I’ve been thinking lately about the differences between the LDS Church we participate in today compared to what attracted and retained early members in the days of Joseph Smith. Joseph Smith was a religious mystic, recognized as a founding “prophet” of our modern church. The core of the story of Joseph and the restoration is a number of intense, other-worldly, divine encounters. He seemed to be ever concerned with bringing the Church into the presence of God. This took a worldly form in the cause of gathering to Zion, a utopian society perhaps like the City of Enoch. It also took the form of promoting the expression of visions, dreams, speaking in tongues, and prophecies.
His early prototypes of the temple practice we know today started in Kirtland, where they were much different. Participants would fast for a day or two, attend to ritual washings and annointings to symbolically cleanse and purify themselves, and then participate in intense prayers, blessings, and expressions of spiritual gifts. The goal was to have a transcendent vision of the divine. It seemed that Joseph wanted many people to tap into what he was experiencing. People who participated described him trying to get it all just write, to set groups participating in proper order, kind of feeling his way through to getting people into that mystical state.
I recently ran across this paragraph that made such a good summary:
Endowment, Joseph’s name for the temple ceremony, connected it to promises made long before his encounter with Freemasonry. In early revelations, the word “endowment” referred to seeing God, a bequest of Pentecostal spiritual light. The use of the word “endowment” in Nauvoo implied that the goal of coming into God’s presence would be realized now through ritual rather than a transcendent vision. This transition gave Mormonism’s search for direct access to God an enduring form. David Hume, the eighteenth-century empiricist and critic of “enthusiastic” religion, had observed that outbursts of visions and revelations soon sputtered out. They lacked form to keep them alive. They could not endure because they had “no rites, no ceremonies, no holy observances, which may enter into the common train of life, and preserve the sacred principles from oblivion.” To remain in force, “enthusiasm” had to be embodied in holy practice. Ann Taves, a modern scholar of religion, has added that “direct inspiration survives only when it is supported by a sacred mythos embedded in sacred practices.” The Mormon temple’s sacred story stabilized and perpetuated the original enthusiastic endowment.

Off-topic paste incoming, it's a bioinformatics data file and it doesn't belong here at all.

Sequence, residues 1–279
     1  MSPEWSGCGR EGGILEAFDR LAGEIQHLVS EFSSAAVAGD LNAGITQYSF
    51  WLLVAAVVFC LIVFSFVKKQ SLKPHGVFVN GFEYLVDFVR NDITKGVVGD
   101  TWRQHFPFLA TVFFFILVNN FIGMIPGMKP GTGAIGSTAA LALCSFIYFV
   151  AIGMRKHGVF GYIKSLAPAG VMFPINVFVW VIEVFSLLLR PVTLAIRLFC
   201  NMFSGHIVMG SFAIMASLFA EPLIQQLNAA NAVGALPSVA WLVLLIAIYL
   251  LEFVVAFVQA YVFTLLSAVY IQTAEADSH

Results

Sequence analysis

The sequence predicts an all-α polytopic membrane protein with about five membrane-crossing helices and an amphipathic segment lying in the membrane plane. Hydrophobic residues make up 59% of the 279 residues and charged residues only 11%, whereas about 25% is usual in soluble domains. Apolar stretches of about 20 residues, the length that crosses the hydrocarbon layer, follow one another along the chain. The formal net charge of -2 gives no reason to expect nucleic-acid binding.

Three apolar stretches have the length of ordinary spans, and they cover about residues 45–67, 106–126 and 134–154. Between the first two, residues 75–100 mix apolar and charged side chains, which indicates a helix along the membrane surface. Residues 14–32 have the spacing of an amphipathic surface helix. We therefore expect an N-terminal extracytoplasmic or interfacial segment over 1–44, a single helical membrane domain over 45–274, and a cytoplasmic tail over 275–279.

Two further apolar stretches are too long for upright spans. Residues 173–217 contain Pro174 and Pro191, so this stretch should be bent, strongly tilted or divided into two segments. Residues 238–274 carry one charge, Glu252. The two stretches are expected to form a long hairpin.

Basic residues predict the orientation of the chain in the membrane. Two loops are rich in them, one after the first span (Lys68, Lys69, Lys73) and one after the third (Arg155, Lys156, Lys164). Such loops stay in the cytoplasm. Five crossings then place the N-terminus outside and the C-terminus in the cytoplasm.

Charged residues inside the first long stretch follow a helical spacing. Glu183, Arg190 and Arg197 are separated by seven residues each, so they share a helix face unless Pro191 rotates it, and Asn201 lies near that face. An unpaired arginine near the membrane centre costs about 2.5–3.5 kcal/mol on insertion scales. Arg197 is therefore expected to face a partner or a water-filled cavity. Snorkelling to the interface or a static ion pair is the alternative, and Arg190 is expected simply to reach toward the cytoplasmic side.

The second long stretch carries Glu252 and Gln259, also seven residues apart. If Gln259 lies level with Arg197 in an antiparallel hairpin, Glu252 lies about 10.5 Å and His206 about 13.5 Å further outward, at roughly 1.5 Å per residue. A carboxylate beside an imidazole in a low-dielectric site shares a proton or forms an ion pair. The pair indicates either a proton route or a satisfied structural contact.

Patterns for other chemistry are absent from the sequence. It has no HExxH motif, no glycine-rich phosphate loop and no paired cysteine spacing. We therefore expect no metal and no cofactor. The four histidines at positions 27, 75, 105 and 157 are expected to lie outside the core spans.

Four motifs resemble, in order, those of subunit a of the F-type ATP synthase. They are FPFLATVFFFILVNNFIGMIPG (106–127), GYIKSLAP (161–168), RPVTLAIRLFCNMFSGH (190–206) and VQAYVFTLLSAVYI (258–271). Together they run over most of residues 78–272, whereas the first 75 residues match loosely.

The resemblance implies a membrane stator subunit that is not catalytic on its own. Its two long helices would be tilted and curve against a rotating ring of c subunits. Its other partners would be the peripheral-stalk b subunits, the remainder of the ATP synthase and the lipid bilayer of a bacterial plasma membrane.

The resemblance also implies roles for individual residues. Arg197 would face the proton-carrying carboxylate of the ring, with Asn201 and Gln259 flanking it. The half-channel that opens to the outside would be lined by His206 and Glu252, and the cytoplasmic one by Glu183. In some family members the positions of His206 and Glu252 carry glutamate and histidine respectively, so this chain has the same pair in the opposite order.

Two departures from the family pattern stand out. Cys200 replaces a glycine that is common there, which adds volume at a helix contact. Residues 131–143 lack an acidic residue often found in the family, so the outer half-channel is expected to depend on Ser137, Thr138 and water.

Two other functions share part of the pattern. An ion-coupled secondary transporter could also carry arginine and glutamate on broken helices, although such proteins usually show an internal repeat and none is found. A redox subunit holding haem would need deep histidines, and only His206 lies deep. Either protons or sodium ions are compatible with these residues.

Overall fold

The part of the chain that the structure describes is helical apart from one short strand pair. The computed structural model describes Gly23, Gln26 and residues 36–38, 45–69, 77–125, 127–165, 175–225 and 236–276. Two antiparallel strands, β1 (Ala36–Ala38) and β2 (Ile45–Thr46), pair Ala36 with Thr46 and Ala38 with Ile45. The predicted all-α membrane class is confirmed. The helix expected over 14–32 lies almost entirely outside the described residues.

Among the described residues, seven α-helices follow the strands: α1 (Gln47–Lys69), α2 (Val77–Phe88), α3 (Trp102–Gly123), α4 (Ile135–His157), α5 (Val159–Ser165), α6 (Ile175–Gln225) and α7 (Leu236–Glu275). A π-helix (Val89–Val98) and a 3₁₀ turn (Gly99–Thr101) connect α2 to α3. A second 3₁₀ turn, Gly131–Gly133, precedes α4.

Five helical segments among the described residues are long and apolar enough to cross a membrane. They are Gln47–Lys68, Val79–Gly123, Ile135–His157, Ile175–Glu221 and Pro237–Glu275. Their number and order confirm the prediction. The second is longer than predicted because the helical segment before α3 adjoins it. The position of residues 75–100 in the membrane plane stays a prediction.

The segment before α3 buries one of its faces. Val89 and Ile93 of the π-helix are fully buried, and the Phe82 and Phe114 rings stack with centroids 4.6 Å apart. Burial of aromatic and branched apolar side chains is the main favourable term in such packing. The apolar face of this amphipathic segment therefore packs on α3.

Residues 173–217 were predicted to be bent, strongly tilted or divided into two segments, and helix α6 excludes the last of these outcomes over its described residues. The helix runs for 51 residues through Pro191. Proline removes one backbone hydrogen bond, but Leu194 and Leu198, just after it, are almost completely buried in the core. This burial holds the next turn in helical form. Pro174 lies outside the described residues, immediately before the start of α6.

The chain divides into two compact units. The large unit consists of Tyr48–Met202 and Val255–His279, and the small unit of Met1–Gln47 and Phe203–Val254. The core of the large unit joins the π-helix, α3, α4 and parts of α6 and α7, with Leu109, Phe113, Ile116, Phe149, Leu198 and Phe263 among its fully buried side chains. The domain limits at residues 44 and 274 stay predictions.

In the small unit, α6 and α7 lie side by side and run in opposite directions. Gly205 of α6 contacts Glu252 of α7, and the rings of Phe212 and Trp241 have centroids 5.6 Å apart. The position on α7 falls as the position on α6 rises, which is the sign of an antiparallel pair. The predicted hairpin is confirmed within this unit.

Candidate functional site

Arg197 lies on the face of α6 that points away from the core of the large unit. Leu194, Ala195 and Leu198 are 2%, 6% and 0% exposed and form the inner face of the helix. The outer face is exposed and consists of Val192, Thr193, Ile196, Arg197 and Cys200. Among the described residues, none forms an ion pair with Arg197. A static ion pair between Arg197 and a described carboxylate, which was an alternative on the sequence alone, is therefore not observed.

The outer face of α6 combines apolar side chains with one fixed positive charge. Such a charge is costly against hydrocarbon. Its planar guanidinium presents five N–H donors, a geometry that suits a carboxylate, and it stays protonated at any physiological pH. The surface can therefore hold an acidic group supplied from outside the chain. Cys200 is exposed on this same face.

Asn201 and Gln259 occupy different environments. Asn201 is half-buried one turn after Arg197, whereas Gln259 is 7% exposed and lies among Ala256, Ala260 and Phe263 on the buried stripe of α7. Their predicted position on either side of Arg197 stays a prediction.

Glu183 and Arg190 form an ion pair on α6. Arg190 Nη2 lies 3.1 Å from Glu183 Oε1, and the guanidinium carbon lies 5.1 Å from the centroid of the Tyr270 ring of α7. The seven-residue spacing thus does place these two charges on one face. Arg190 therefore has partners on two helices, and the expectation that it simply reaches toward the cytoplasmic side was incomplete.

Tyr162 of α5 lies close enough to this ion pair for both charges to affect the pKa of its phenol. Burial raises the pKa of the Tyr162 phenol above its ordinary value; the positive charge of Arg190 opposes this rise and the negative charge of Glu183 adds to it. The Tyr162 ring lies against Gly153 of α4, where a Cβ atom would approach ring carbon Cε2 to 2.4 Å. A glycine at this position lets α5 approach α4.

-Richard Bushman, “Rough Stone Rolling“ pg 450-451
The temple became a focal point, a place to seek a connection to the divine. Sure, it is plain that God does not need a temple to communicate with humankind. Some of the greatest interactions with God recorded in scripture happened in wilderness settings — no temple or building was required. But how would one stabilize this experience for a large, growing religion; one that could endure past the life of the mystic founder? Members of the LDS Church today often go to the temple when they have a pressing personal need to connect with the divine, when they seek answers or feel they need spiritual help and guidance.
Would we be the same church if our method was to fast and hermitage in a cave, or travel out in the wilderness? Perhaps it is possible, but the temple provides a place of focus for a growing and diverse community within the Church. It is still a place we see as a source for the transcendent mystical experience. Participants can experience the ritual and ceremony on many levels, with different views about the purpose depending on their own place of faith. It can be literal to one person. It can be symbolic to another. It can be both and none. Indeed it has endured past Joseph, the original mystic of our foundation, even if our experience today is not exactly the same as back in the time of Nauvoo or Kirtland. It serves the same purpose over time.